Bird Courtship Rituals: Love Is in the Air
When it comes to courtship, birds pull out all the stops, using elaborate displays to attract a potential mate and outdo the competition. Here are some courtly behaviors to look for this spring.
Cranes are elegant dancers. Dancing peaks during mating season but can occur any time of year. Experts do not completely understand the behavior, but it seems to play a role in bonding. Mated sandhill cranes also sing a unison call during courtship. Curiously, young birds also dance—believed to be an important part of their motor development. Humans have admired crane dancing for centuries; many cultures have symbolic rituals that mimic the behavior. Learn interesting facts about sandhill cranes.
One of the most prolific backyard singers is the house wren, but a male’s singing is mostly a territorial claim. To find mates, males must choose good nest sites. Wrens often nest close to people, so you’re likely to hear them this spring. They use natural cavities but they also like nest boxes. Males construct partial nests in multiple sites, and the females select from the offerings. When a female finds a suitable site, she mates with the owner. Check out unique brdhouses birds will actually use.
This grouse species uses a lek—a mating arena of sorts—where males perform to attract females. Male sharp-tailed grouse stick their pointed tails up, aim their wings down and inflate purple air sacs along their necks. Then they quickly shake and vibrate their entire bodies while cooing out. Females visit the lek during these displays and select a male to breed with. Prairie chickens have a similar dance. Sage grouse have air sacs on their chests, which they inflate and boom. No matter the species, a grouse display is always a sight to see.
While grouse of the prairies gather on communal leks, the ruffed grouse of the northern woods has a solitary display. Perched on a downed log, the male, starting slowly at first but quickly accelerating, flaps his cupped wings, creating a deep whooshing that sounds like a tractor starting up on a cold morning. This short burst of chest drumming reverberates through the forest, which helps females find potential mates.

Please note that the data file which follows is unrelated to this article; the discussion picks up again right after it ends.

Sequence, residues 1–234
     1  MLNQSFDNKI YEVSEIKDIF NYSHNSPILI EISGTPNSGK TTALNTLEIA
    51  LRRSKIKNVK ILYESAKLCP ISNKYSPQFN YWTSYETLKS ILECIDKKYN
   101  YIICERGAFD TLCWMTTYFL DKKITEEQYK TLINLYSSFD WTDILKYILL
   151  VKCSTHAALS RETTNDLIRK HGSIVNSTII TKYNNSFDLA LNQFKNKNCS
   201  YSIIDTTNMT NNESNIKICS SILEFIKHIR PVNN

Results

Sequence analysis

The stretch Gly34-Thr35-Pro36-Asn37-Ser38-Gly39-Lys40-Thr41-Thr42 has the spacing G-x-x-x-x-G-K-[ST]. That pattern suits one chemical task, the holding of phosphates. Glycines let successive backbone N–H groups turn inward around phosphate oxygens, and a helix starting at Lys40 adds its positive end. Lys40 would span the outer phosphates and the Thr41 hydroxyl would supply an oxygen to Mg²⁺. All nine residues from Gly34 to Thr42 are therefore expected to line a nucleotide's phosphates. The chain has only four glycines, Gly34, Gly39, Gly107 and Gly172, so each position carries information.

The regal bald eagle puts on one of the most spectacular courtship shows. Mated partners lock talons in midflight and then spiral in a free-fall dive known as cartwheeling. Red-tailed and other hawks will cartwheel in courtship, too. Eagles often mate for life, and pairs will return to the same nests year after year. Male bald eagles help with nest construction and raising the eaglets. Learn more about bald eagles and golden eagles.
Some bird species have a single song that they perfect, but that isn’t good enough for the aptly named song sparrow. Song sparrow males can sing as many as 20 different songs while defending territories and courting females. Some studies indicate that a female song sparrow chooses a mate based in part on his ability to learn new songs.
Male cardinals have bright red plumage that impresses females, but courting for this species goes deeper than surface attraction. Females sing along with the males during courtship. Experts believe the duet strengthens the bond. Listen for pure, repetitive whistling from cardinal pairs. Females sometimes call while on the nest. Males bring food to the females to ensure nesting success. We asked the experts: Do cardinals mate for life?
Great Horned Owl
Like cardinals, great horned owls also perform a courtship duet. Owls are early nesters; listen for their characteristic hoots on cold, crisp winter nights. Female great horned owls are bigger than males, but males have larger voice boxes. When you hear them calling back and forth, try to pick up the male’s deeper voice and the female’s corresponding higher pitched hoots. Males assist throughout the entire nesting season and will bring food to the nest for the female and young. Learn how to spot the owl in your backyard trees.
Among many bird species, males and females have the same or similar feather markings. In several others, males have brighter plumage than females. Less common is when the female has the fancier feathers. This is true for the shorebird Wilson’s phalarope, however. Spring females have vivid chestnut and black along the face and neck; males are more subtly colored. Females court multiple males during breeding season, and males incubate the eggs.